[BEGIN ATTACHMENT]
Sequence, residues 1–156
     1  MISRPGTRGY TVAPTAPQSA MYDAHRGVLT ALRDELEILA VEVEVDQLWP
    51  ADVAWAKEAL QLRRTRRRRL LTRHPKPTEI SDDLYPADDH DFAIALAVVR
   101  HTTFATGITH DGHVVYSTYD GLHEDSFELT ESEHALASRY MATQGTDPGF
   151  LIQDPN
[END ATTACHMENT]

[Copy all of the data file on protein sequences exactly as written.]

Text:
Sequence, residues 1–156
     1  MISRPGTRGY TVAPTAPQSA MYDAHRGVLT ALRDELEILA VEVEVDQLWP
    51  ADVAWAKEAL QLRRTRRRRL LTRHPKPTEI SDDLYPADDH DFAIALAVVR
   101  HTTFATGITH DGHVVYSTYD GLHEDSFELT ESEHALASRY MATQGTDPGF
   151  LIQDPN